Writing Testable JavaScript

by Rebecca Murphey

30 Reader Comments

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  1. Another great article with perfect timing, when “Write Unit Tests” just so happens to be near the top of my TODO list.  Thanks ALA!
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  2. Great article.  I think its important to note that a lot of the success in this kind of testing is by partitioning the web page into small, independently operating ‘modules’ of functionality.  Doing so not only makes the code small, removes complexity and reduces the cost of testing that ‘module’ but also affords the necessary isolation…  isolation for the purposes of integration testing yes but also for the purposes of design, QA, user testing, and delivery (really the full life cycle can be completed on each) of that ‘module’ independent of the other ‘modules’ of the application.  For example, its common practice to want to design all the ‘modules’ up front to see how they’ll layout and interact but there is value in building the ‘modules’ independently.  The completion of each doesn’t just mature the app incrementally but also the understanding and long term success of the steps involved in the creation of each ‘module’.  The great thing is that the ‘modules’ can be in various stages in the life cycle and you can correct course as necessary, and if you do not much lost.  We’ve had a lot of success with developing, testing and delivering like this.  And while the app, not be entirely complete at any given stage, its always operational and IMHO shippable.
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  3. Andrew, so glad to hear that this was timely! I think a whole lot of people are finding that tests are going to be an important part of their workflow going forward, so hopefully this helps you get started. You may also want to check out the talk I gave about this at the 2012 Full Frontal conference.
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  4. Schon, I can’t agree enough with what you said. The key to successful applications, no matter the language or whether it’s in the browser or somewhere else, is to solve lots of small problems, rather than one enormous, tangled problem. For client-side applications, the smallest unit of functionality is often something that you can draw a box around in the visual presentation of the application. I’ve found that when I approach client-side apps in terms of lots of tiny boxes that operate independently, glued together by application code that knows very little about how any given tiny box works, then life is simpler indeed :)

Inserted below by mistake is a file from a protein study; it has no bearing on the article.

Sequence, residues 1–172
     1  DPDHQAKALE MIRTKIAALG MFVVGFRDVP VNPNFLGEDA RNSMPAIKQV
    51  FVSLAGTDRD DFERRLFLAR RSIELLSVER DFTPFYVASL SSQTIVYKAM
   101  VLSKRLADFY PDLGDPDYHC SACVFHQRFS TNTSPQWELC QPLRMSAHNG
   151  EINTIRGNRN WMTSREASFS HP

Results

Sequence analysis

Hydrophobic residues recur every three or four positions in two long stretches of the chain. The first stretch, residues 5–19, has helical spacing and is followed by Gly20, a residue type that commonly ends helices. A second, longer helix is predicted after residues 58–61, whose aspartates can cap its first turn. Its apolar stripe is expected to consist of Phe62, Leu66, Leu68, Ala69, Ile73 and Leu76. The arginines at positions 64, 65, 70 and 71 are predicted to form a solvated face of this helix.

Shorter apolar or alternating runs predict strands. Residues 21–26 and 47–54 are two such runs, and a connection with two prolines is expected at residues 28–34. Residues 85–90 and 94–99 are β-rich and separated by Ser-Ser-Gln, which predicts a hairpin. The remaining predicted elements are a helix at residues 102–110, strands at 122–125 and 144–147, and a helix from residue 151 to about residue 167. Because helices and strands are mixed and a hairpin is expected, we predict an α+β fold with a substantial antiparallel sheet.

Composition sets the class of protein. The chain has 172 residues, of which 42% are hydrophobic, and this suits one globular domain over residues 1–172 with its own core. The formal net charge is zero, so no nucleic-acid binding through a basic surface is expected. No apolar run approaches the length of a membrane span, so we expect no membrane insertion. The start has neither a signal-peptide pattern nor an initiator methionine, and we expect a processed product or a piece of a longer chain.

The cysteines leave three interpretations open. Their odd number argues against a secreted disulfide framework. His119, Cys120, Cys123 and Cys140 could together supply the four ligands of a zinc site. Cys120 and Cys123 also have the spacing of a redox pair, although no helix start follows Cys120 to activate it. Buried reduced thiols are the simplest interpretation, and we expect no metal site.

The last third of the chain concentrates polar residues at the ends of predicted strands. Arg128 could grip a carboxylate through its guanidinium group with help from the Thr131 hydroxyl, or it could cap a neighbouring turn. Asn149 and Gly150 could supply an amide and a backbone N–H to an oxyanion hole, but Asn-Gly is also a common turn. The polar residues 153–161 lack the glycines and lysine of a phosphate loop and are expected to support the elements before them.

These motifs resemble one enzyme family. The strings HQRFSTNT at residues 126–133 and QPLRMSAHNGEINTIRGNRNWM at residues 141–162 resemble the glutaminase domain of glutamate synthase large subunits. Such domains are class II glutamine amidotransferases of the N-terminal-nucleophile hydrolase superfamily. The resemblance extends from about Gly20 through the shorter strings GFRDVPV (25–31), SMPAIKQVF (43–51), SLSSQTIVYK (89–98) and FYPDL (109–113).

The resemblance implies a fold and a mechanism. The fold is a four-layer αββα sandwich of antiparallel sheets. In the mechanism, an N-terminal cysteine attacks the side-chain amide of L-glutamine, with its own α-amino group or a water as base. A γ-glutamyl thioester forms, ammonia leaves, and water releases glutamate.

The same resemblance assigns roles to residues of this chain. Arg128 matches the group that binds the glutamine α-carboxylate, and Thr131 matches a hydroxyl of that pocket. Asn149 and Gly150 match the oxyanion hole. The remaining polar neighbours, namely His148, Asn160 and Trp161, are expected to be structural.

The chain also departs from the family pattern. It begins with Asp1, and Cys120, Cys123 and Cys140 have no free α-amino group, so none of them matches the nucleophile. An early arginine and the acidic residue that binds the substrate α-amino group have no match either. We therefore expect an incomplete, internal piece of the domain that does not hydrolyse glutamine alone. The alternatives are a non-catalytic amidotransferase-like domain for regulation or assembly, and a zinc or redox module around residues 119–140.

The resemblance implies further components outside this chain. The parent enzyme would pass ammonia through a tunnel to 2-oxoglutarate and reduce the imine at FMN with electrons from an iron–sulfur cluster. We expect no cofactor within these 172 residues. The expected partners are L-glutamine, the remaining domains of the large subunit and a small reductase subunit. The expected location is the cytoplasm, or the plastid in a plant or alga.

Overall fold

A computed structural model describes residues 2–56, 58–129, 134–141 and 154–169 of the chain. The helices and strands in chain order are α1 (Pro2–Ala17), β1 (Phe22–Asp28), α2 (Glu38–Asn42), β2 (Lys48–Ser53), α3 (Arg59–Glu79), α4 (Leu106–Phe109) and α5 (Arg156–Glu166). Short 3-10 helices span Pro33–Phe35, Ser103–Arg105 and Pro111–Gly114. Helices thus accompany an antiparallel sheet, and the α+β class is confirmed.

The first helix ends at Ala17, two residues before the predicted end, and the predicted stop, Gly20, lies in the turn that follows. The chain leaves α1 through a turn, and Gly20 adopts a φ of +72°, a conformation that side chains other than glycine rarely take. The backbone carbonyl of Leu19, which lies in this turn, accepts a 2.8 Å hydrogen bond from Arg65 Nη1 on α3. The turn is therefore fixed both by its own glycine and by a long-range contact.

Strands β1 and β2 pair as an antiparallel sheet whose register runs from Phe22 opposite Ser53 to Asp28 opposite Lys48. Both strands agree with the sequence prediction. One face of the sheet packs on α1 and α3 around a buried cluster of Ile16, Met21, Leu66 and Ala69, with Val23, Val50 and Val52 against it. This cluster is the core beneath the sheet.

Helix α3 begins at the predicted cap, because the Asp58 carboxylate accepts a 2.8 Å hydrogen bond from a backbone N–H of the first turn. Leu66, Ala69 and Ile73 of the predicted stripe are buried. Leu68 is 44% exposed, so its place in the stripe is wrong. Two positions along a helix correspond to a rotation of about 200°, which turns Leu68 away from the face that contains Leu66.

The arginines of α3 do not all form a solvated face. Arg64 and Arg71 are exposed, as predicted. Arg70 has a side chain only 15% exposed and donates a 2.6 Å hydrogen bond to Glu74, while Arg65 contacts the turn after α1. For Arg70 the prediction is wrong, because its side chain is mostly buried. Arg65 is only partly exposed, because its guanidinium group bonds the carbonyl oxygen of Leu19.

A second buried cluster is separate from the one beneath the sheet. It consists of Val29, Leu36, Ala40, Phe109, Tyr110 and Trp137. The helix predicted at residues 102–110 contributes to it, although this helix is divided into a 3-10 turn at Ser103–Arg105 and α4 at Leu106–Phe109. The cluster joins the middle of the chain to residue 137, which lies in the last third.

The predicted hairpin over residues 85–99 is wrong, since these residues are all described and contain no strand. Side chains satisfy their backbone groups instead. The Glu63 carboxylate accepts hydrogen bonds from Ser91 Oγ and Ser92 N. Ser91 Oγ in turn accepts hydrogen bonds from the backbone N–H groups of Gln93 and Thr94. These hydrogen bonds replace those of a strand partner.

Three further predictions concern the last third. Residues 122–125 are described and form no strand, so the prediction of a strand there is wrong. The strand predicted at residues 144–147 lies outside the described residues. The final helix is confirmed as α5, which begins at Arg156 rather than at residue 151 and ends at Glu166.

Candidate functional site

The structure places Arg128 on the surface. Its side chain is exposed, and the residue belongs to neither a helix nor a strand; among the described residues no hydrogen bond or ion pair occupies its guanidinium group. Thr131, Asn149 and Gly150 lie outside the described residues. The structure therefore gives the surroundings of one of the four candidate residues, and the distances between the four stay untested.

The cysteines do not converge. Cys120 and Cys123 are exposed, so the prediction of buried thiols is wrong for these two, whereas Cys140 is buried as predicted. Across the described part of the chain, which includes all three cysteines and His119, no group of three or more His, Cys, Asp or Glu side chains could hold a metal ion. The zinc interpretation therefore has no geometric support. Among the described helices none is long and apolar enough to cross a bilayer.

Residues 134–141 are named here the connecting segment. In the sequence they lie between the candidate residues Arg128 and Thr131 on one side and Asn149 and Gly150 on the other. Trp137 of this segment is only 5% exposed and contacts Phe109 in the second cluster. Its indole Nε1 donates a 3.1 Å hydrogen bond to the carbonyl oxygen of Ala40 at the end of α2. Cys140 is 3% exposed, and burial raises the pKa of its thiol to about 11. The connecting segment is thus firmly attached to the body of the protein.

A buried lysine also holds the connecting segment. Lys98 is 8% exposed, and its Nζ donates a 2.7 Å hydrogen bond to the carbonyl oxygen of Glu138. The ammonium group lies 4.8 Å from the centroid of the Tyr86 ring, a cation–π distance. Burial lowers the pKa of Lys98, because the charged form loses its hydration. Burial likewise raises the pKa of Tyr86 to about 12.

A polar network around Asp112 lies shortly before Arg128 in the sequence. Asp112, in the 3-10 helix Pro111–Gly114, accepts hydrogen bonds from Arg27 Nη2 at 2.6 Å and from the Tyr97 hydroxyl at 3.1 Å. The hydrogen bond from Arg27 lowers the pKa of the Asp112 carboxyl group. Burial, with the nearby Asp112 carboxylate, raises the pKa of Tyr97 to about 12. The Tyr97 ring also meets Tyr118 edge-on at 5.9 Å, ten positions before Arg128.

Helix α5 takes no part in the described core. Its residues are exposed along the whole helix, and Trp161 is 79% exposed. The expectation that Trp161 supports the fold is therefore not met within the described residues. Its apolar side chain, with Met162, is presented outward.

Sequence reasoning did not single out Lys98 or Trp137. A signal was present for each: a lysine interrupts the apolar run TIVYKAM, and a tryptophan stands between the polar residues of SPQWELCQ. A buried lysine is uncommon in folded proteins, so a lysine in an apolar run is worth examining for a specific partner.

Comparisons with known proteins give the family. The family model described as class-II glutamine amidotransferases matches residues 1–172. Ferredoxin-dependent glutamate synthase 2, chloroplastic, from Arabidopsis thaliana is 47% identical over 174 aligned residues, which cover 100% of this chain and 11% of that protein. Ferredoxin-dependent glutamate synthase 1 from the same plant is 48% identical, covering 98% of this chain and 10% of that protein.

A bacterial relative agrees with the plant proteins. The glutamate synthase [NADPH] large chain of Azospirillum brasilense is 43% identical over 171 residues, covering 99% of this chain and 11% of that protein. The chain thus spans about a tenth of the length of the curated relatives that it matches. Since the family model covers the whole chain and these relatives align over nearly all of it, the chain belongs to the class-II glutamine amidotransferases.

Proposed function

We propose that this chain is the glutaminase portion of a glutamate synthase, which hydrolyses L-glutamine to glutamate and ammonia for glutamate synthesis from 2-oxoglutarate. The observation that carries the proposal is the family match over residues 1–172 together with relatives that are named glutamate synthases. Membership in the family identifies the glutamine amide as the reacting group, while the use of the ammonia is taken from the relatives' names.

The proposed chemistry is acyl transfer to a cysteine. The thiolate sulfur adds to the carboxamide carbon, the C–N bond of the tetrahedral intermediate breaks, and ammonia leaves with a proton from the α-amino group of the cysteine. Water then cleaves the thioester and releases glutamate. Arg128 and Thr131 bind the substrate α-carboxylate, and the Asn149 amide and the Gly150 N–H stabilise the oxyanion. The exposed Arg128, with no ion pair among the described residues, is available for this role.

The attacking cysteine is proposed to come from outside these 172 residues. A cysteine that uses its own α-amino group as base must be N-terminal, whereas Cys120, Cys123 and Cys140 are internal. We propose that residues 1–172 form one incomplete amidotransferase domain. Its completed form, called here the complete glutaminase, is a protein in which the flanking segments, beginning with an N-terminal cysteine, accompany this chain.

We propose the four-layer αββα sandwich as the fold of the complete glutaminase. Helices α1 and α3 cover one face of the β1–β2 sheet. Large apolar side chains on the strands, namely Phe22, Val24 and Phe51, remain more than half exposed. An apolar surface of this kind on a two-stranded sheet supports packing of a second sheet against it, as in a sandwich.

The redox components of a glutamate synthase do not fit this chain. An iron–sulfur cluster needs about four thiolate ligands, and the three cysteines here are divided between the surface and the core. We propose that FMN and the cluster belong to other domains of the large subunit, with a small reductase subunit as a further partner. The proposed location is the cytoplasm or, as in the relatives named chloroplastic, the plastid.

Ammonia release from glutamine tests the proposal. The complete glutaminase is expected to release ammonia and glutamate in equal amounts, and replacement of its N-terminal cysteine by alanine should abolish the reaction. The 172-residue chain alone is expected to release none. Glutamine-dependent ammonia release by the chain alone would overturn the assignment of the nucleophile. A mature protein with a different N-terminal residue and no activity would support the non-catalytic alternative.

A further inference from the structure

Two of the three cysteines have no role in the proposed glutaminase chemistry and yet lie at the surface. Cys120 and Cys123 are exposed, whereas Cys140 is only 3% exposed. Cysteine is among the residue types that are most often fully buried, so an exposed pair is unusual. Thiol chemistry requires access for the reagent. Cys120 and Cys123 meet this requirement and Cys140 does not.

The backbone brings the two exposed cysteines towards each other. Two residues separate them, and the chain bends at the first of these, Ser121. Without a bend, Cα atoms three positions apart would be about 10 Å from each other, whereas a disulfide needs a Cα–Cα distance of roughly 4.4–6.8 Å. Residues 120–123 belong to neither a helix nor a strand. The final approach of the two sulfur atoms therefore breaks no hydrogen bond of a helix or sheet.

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  5. Outro artigo muito bom do A List Apart! Vale a pena pra quem gosta ou trabalha com javascript.
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  6. I agree that the second coding style presented in the article is a huge improvement. For complex Web Apps however, you might consider a client-side MVC framework like AngularJS, which incidentally has built-in support for unit tests.
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  7. mb21, agree that moving to an MV* framework such as Angular, Ember, Backbone, etc. will really help with the testability of an application. What I have found, though, is that a lot of people can’t make that leap from day 1, and figuring out what the “baby step” is to start incorporating testing proves difficult. Writing code in the style I presented is the first step, I think, and a much more realistic one for entrenched projects that can’t easily have some Angular sprinkled on them. Once you’ve written code in this style, though, it becomes much easier to see how a more robust tool could be incorporated. What I hate to see is people who dive into Backbone, Angular, or another more complex tool without understanding *how* it will help them solve their problem, or without understanding why or whether it’s even the right tool for the job. Learning a new coding style can help smooth that process.
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  8. @Rebecca, I see :)
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  9. I don’t understand what the colored bars that appear under the heading “Organizing our code” refer to?
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  10. Great article and fantastic ideology! The only thing that bugged me was that the code samples don’t have syntax highlighting, which makes for a terrible reading experience. Of course that’s a A List Apart bug and not related directly to this article - just thought I should put it out there.
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  11. Thank you for a fantastic article! Have used QUnit quite a bit and just this week trying out Mocha/Chai with Grunt. Seeing a practical example of how to refactor/approach unit testing and not just write unit tests themselves is incredibly helpful!
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  12. Bob, apologies for the confusion regarding the colored bars. The idea was to show how different pieces of the original code were responsible for different things, and how all of those responsibilities were intermingled with each other.
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  13. It’s very rare to see articles that discuss testing (particularly browser JavaScript) in such an approachable way. I think this often happens because example code is written in a testable way, however provides no bridge to help fix existing problems. It is refreshing to see an article that makes this connection. Great post, Rebecca!